��< Sonata Pathetique ' (op. 13) we find the first subject in C minor :
���this is of 1 7 1 bars in length and ends with a full close in the key. Six bars follow, modulating into E b, where we find the second subject, which is of unusual proportions compared with the first, consisting as it does of three separate themes :
�=r = ^g
- J . J i h~H
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��After this we return to the ist subject, which ends j ust as before. A new start is then made with a third subject (or pair of subjects ?) in Ab :
��J J bj
���this material is worked out for 24 bars and leads to a prolonged passage on a chord of the dominant seventh on G, which heightens the expectation of the return of the ist subject by delaying it. On its third appearance it is not played quite to the end, but we are skilfully led away, the bass taking the theme, till, in the short space of four bars, we find the whole of the 2nd subject reappearing in C major. Then, as this is somewhat long, the ist subject comes in again for the fourth time and a Coda formed from the 2nd section of the 2nd subject concludes the Rondo with still another 'positively last appearance' of No. i.
Beethoven's Rondos will all be found to present but slight modifications of the above form. Some- times a 'working-out* or development of the 2nd subject will take the place of the 3rd subject, as in the Sonata in E (op. 90), but in every case the principal subject will be presented in its entirety at least three times. But as this was apt to lead to monotony especially in the case of a long subject like that in the Sonata just quoted Beethoven introduced the plan of varying the theme slightly on each repetition, or of breaking off in the middle. It is in such delicate and artistic modifications and improve- ments as these that the true genius shows itself, and not in the complete abandonment of old rules. In the earliest example we can take
the Rondo of the Sonata in A (op. 2, No. 2), the form of the opening arpeggio is altered on every recurrence, while the simple phrase of the third and fourth bars
is thus varied :
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�� ���In the Rondo of the Sonata in E b (op. 7) again, we find the main subject cut short on its second appearance, while on its final repetition all sorts of liberties are taken with it; it is played an octave higher than its normal place, a free varia- tion is made on it, and at last we are startled by its being thrust into a distant key Efl. This last effect has been boldly pilfered by many a composer since Chopin in the Rondo of his E minor Pianoforte Concerto, for instance. It is needless -to multiply examples : Beethoven shows in each successive work how this apparently stiff and rigid form can be invested with infinite variety and interest ; he always contradicted the idea (in which too few have followed him) that a Rondo was bound in duty to be an 8-bar subject in 2-4 time, of one unvarying, jaunty, and exasperatingly jocose character. The Rondo of the Eb Sonata is most touchingly melancholy, so is that to the Sonata in E (op. 90), not to mention many others. There will always remain a certain stiffness in this form, owing to the usual separation of the subject from its sur- roundings by a full close. When this is dispensed with, the piece is said to be in Rondo-form, but is not called a Rondo (e.g. the last movement of Beethoven's Sonata op. 2, No. 3).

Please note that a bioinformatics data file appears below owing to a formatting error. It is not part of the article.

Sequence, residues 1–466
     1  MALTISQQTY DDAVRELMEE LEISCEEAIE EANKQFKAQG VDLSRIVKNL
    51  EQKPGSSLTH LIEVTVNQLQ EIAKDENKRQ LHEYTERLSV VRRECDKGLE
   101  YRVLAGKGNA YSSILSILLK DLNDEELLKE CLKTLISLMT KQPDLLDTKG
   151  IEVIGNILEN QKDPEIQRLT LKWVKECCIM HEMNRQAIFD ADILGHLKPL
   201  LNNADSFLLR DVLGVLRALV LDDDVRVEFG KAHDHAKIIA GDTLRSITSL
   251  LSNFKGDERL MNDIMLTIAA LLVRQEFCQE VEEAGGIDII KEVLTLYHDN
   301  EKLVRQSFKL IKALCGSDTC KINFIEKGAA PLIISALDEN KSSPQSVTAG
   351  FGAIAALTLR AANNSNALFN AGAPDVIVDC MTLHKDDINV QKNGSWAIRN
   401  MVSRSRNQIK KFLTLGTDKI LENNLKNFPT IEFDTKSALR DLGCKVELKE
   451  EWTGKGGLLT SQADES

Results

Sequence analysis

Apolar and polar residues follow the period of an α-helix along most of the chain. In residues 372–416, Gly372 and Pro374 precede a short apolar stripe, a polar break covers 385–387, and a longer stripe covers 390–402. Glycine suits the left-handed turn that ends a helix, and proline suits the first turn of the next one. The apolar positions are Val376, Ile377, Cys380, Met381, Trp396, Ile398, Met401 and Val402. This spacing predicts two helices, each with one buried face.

Modern composers, like Chopin, with whom construction was not a strong point, often omit the central section, or third subject, together with the repetition of the first subject which accom- panies it, and thus what they call a Rondo is merely a piece on the plan of a French overture; that is to say, having produced all his material in the first half of the piece, the composer repeats the whole unchanged, save that such portions as were in the Dominant are, in the repetition, given in the Tonic. Chopin's 'Rondeau brill- ante' in Eb, the 'Adieu a Varsovie' indeed all his Rondos show this construction, or rather, want of construction. [F.C.]